18 H


0l o

15 Peak exercise

Fig. 1. - Schematic diagram of femoral venous partial pressure of oxygen (Po2;-) and oxygen saturation changes

(-----) during progressive exercise. 0L: lactate threshold. : critical capillary Po2 (2.39 kPa);------: upper

(2.66 kPa) and lower (2.12 kPa) limits. 1 mmHg=0.133 kPa.

be recognised that, according to the laws of diffusion, there must be, and there is, some oxygen flow below the value of 2.39 kPa. However, in an incremental exercise test, this flow is not enough to guarantee sufficient oxygen delivery for the increasing metabolic rate over the entire WR range. It should also be recognised that the measured femoral venous PO2 represents a mean value of a large number of muscle fibres whose local ratio of blood flow to metabolic rate vary significantly. Indeed, lower values of femoral venous Po2 have been reported during submaximal exercise performed with inhalational hypoxia [12]. Furthermore, the nadir in femoral venous Po2 is more variable in CHF [11]. In some heart failure patients, femoral venous PO2 actually increases with further increases in WR up to peak exercise, which is suggestive of an intramuscular mismatching of perfusion to metabolic rate. In the current authors' experience, this happens in at least 20% of patients and, more frequently in patients with severe heart failure.

The C(a-vDO2) at 9l is deserving of comment, especially in cardiac patients. At 0L, the C(a-vDO2) is relatively fixed, as both [Hb] and the fall in mixed venous Po2 are known and the metabolic acidosis has not yet begun. In a large CHF population, C(a-vDO2) at 0L is 12.3 + 1.3 mL-100 mL-1 in Class A patients (Fo^peak >20 mL-min-kg"1), 13.1+2.7 in Class B patients (Vo2,peak 15-20 mL-min-kg"1) and 13.4+2.6 in Class C patients (Vo2,peak <15 mL-min- kg"1; Class A=p<0.05 versus Class B and C) [13]. Accordingly, it is possible to estimate CO at 9l in CHF patients if simultaneous Vo2 measurements are made [13].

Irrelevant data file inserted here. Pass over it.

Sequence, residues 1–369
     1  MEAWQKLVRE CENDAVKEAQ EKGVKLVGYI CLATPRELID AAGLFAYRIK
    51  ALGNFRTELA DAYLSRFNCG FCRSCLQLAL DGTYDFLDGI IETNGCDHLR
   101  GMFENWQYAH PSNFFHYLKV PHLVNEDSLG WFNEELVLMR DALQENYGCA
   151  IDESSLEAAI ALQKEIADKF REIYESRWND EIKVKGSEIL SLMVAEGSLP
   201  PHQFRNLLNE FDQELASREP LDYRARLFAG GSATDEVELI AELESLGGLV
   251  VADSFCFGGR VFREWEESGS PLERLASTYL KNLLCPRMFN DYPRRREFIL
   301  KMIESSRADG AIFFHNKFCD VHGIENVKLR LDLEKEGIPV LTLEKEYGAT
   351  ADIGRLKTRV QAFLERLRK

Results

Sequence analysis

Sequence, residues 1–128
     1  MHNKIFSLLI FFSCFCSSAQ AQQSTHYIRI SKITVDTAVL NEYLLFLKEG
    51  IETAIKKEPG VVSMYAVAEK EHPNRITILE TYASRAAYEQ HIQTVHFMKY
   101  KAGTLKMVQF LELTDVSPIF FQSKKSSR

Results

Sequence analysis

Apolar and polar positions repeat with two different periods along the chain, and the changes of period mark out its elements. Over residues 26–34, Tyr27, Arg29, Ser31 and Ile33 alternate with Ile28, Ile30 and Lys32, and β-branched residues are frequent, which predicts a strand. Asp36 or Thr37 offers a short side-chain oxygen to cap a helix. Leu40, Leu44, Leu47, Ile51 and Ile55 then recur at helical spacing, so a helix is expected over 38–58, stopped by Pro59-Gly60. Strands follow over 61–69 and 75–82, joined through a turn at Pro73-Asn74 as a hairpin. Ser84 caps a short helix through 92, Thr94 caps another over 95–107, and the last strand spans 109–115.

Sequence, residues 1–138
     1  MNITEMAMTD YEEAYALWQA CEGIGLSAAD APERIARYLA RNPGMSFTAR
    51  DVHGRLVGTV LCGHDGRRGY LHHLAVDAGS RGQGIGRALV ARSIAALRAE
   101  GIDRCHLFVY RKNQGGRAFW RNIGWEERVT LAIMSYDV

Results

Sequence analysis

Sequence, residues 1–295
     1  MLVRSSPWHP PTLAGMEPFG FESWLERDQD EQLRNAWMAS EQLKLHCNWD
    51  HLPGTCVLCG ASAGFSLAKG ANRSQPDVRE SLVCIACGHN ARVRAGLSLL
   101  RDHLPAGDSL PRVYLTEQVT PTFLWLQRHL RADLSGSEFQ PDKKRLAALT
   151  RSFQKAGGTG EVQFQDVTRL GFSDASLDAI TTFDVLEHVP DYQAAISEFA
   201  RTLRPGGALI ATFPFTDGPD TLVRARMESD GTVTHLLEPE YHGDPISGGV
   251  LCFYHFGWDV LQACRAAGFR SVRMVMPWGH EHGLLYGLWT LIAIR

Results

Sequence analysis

Finally, when making judgements on the incremental exercise protocol that is most appropriate for a specific CHF patient, several points should be kept in mind. The first is the need for a familiarisation test. This is underscored by a difference of up to 25% in Vo2,peak between the first and second test, simply because of a lack of patient confidence with the technique on the first test [14]. Secondly, the WR incrementation rate and hence time needed to reach peak exercise can influence outcome (refer to Chapter 1) [15]. However, these can be particularly difficult to predict in CHF. Recently, the current authors have shown that in a CHF population tested with different incremental protocols aimed at achieving peak exercise in 5, 10 and 15 min while, as expected, exercise time was longer and peak WR lower with the lowest WR incrementation rate (refer to Chapter 1), only peak exercise oxygen pulse, Vo2 at 9l and the V'e- Vco2 slope were independent of the WR incrementation rate (table 1) [16]. In contrast, Vo2,peak and peak fc, as well as the VO2-WR slope, were all influenced by the WR incrementation rate. Therefore, for comparison purposes, it is recommended that all tests should reach peak exercise in ~10 min and that the test duration should be reported. An additional point to be kept in mind relates to the conventional practice of reporting Vo2,peak as the mean over the final 20-30 s of the incremental phase of the test. In CHF, however, because of the presence of a low CO, Vo2,peak might be measured at the very beginning of the recovery phase. Finally, in cases of exercise" induced periodic breathing, which may persist until the end of the test, a mean value of Vo2,peak needs to be calculated over a longer interval (e.g. 1 min).